Whether you'd prefer the new Dimensional Target Date Retirement Income Funds over one of the "big three" TDFs might depend on whether you share Robert Merton and Zvi Bodie's belief that stocks aren't necessarily safe in the long run. (Photo: Merton explaining the Black-Scholes-Merton options pricing model in 1977.)
A mountain biker needs 18 or 21 gears to smooth a path over rocks and through arroyos. Index-linked annuities now collectively offer some 140 index choices. Hybrid indices can theoretically smooth an investor’s path through rocky markets--but they're complicated.
Every June, RIJ focuses on indexed annuities. Last year, we studied options in indexed annuities. This year we consider the indexes themselves, especially 'hybrid' and 'volatility-controlled' indexes. Bryan Anderson, Don Dady and David Lau weighed in.
In this month's roundup, we learn that CEOs pay little attention to inflation. We also find out why retirees keep saving, why "centaurs" pick stocks so well, which financial biases keep people poor, and how working longer affects male mortality.
The recent closure of the "file and suspend" loophole as a Social Security claiming strategy doesn't make spousal and survivor benefits under the program any less unfair, writes this Urban Institute scholar and former deputy assistant secretary of the Treasury.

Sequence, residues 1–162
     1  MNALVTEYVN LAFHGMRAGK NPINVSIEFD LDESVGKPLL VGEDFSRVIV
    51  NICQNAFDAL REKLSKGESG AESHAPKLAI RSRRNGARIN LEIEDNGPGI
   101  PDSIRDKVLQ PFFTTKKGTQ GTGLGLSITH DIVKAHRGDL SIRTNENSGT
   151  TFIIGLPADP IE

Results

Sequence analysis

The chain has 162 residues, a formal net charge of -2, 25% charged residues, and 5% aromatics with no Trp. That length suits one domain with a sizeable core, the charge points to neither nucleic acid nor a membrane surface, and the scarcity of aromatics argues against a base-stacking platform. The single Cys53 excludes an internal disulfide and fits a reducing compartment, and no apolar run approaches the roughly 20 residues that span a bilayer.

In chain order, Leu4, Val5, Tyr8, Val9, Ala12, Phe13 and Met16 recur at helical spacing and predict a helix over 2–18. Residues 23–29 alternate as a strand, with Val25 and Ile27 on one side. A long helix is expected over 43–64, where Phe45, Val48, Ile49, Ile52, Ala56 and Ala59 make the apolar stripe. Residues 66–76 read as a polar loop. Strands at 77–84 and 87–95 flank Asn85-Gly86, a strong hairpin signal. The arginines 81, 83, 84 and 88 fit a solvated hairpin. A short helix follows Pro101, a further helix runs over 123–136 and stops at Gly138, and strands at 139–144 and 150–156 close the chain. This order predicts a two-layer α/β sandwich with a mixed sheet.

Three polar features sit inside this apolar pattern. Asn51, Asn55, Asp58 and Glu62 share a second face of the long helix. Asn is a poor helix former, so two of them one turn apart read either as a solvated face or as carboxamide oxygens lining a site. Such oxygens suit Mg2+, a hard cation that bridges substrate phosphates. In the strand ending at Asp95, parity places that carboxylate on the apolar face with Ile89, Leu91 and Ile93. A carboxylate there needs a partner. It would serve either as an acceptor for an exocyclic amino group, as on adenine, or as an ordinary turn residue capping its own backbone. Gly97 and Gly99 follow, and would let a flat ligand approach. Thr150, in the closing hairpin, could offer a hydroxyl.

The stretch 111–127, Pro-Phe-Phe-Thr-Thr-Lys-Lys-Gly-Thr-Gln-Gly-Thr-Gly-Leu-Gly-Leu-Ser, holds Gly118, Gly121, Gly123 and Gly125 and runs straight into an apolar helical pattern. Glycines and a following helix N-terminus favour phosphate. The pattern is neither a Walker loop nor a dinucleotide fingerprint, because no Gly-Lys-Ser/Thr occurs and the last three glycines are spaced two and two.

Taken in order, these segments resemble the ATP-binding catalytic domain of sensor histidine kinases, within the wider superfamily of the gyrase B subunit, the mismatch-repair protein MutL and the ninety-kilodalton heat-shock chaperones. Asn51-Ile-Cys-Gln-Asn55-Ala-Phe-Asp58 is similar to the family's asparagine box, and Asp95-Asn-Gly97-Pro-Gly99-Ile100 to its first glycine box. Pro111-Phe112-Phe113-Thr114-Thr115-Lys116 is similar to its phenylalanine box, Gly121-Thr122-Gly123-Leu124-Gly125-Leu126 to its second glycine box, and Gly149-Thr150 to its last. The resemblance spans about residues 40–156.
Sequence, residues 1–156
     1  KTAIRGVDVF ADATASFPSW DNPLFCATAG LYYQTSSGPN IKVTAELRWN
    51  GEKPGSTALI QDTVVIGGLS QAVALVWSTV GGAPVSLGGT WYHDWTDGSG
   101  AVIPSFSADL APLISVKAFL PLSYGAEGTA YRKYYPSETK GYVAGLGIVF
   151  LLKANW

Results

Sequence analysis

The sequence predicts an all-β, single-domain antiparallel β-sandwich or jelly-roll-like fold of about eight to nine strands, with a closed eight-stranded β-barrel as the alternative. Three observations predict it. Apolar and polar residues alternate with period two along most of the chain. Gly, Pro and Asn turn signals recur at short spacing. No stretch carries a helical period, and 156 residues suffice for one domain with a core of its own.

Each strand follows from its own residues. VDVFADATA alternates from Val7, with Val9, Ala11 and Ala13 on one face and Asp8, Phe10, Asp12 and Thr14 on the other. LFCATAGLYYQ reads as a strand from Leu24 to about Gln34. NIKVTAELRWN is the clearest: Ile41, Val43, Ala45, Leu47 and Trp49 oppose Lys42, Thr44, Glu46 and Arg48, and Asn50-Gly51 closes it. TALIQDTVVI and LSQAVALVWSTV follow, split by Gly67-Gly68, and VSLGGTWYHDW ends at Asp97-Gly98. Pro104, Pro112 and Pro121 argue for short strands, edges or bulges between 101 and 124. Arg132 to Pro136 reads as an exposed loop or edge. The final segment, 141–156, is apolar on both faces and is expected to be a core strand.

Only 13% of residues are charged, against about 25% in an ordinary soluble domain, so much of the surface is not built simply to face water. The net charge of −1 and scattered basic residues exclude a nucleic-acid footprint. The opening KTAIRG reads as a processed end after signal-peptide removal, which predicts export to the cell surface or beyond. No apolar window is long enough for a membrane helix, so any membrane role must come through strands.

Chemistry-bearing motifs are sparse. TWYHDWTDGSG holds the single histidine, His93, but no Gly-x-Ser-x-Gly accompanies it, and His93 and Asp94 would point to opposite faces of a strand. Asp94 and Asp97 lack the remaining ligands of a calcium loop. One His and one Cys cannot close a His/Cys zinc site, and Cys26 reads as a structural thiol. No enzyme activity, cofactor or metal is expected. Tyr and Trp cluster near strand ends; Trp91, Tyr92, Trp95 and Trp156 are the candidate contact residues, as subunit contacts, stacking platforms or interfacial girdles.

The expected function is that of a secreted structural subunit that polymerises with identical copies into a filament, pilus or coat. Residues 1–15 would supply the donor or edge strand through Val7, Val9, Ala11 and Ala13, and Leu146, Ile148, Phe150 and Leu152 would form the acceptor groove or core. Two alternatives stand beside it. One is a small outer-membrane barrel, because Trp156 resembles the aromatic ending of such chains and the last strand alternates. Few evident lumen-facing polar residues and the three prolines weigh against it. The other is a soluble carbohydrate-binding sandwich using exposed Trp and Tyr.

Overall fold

Dimensional Fund Advisors calls its new target date funds "Retirement Income" funds. How does DFA justify that ambitious title? O'Reilly, DFA's co-Chief Investment Officer and head of research, explains.
The S&P 500 had a return of minus 6.44% in the quarter and is minus 5.29% year-to-date. That was better than global equity performance, as the MSCI All Country World ex-US returned minus 12.1% in the quarter and is minus 8.28% year-to-date.
“Merger activity tends to swell around market tops as confident corporate leaders turn to deal-making to boost earnings and revenue late in the economic cycle,” said David Santschi, CEO of TrimTabs, a Sausalito, CA research firm.